UN Peacekeeping: Will China Step Into America's Shoes?

A South Korean U.N. peacekeeper measures a student's temperature as part of a precaution exercise against the H1N1 flu virus during a community event for the schoolchildren at the South Korean United Nations Interim Forces (UNIFIL) base in Tayr Dibba, southern Lebanon, on November 4, 2009. John Campbell writes that President Trump’s “skinny budget” anticipates massive cuts in U.S. payments and contributions to the U.N. system. Other countries might increase their contributions – and thereby their influence within specific peacekeeping missions and the U.N. as a whole. Ali Hashisho/reuters

This article first appeared on the Council on Foreign Relations site.

At present, there are 16 U.N. peacekeeping missions around the world, nine of which are in Africa: Central African Republic, Ivory Coast, Democratic Republic of the Congo, Liberia, Mali, Sudan, South Sudan and the Western Sahara (Sudan has two, Darfur and Abyei). Like all U.N. peacekeeping missions, these were mandated by the U.N. Security Council (UNSC).

U.N. peacekeeping operations funding is the responsibility of all member states. The U.N. uses a complex formula to assess member state contributions that, among other things, takes into account relative wealth. Beyond that formula, the permanent five members on the UNSC (China, France, Russia, the United Kingdom and the United States) pay a supplement because of their special responsibilities and privileges.

The budget for U.N. peacekeeping in the 2016-2017 fiscal year was $7.87 billion, which the U.N. estimates is one-half of 1 percent of world military expenditures.

The assessed percentage of UN peacekeeping costs is the following for the highest ten states. Council on Foreign Relations

Based on the assessed percentage, the projected cost to the United States is $2.25 billion. However, many U.N. member states, including the United States, are chronically in arrears. Further, it is conventional wisdom that U.N. peacekeeping missions are usually underfunded given the tasks mandated to them by the UNSC.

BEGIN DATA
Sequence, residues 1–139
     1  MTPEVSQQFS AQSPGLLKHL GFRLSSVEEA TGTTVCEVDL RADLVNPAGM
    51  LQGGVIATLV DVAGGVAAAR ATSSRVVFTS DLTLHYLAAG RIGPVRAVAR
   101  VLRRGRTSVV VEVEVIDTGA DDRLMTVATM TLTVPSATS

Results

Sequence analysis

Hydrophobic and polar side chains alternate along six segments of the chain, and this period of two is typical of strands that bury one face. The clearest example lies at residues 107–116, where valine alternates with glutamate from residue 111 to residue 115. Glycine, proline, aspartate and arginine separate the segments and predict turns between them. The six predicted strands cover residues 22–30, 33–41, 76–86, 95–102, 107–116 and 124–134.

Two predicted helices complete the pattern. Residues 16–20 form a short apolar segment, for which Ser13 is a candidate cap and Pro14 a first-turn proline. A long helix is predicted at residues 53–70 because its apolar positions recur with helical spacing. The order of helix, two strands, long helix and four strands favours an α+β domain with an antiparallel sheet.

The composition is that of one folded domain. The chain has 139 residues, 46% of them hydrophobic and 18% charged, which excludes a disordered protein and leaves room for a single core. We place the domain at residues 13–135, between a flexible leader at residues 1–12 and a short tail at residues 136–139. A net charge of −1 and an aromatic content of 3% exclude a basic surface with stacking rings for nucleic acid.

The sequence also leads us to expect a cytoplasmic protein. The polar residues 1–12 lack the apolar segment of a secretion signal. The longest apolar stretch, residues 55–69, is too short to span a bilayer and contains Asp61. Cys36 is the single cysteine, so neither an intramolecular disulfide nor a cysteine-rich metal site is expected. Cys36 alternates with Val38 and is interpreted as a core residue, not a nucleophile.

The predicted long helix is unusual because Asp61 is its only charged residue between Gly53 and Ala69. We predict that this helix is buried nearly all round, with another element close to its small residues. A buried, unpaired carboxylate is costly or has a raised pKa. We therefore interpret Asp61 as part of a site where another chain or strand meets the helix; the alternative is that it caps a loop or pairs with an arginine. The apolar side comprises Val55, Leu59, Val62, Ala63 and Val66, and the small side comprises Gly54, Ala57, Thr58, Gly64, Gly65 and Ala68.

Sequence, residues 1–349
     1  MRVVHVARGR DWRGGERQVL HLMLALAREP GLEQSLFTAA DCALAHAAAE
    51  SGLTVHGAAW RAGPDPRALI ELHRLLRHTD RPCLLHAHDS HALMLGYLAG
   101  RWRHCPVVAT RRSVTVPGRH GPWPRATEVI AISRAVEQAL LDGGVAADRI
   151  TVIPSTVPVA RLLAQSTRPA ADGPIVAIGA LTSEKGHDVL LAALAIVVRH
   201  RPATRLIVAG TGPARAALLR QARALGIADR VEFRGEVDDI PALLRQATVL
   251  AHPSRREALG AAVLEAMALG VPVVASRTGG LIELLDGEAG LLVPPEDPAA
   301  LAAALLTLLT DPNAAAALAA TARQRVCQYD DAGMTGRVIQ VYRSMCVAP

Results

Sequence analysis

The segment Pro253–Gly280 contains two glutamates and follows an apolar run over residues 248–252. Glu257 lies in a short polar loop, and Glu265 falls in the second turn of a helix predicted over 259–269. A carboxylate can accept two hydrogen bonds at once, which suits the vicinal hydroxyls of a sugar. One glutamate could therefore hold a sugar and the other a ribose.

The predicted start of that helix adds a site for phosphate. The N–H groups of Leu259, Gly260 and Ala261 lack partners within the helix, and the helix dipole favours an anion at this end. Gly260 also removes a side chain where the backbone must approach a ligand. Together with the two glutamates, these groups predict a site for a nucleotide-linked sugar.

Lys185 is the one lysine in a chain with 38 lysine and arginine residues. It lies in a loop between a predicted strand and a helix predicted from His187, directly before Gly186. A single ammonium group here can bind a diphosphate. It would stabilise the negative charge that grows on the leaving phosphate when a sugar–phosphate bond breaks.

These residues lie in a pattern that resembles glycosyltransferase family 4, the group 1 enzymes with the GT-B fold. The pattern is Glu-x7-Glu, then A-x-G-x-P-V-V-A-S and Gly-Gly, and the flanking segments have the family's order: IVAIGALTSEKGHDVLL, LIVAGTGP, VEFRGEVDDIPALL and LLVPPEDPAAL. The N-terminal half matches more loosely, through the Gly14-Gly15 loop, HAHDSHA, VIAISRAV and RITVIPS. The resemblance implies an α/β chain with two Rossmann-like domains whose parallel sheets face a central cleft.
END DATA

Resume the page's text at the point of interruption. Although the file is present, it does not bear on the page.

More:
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In the United States, the administration rolled out President Trump's "skinny budget" on March 16. This foreshadows the much more detailed budget that will be presented to Congress in May. It is essentially a "political" document in that it reflects the administration's "wish list." The actual budget will be subject to intensive Congressional scrutiny. At the end of the day, it is Congress that controls the purse strings.

President Trump's "skinny budget" calls for a cut in the budget of the Department of State and the U.S. Agency for International Development of nearly 30 percent. It also anticipates massive cuts in U.S. payments and contributions to the U.N. system. Such a budget cut would also eliminate most U.S. foreign assistance, with the exception of certain health programs, notably involving HIV/AIDS.

Even if Congress rolls backs some of these budget cuts, it must be anticipated that U.S. funding of U.N. peacekeeping will be significantly reduced.

How will the resulting shortfall be made up? Some peacekeeping missions might be eliminated, though experience shows this is difficult to do without an increase in bloodshed. Alternatively, other countries might increase their contributions—and thereby their influence within specific peacekeeping missions and the U.N. as a whole.

China, increasingly involved in peacekeeping missions, might see an opportunity.

John Campbell is Ralph Bunche Senior Fellow for Africa Policy Studies at the Council on Foreign Relations.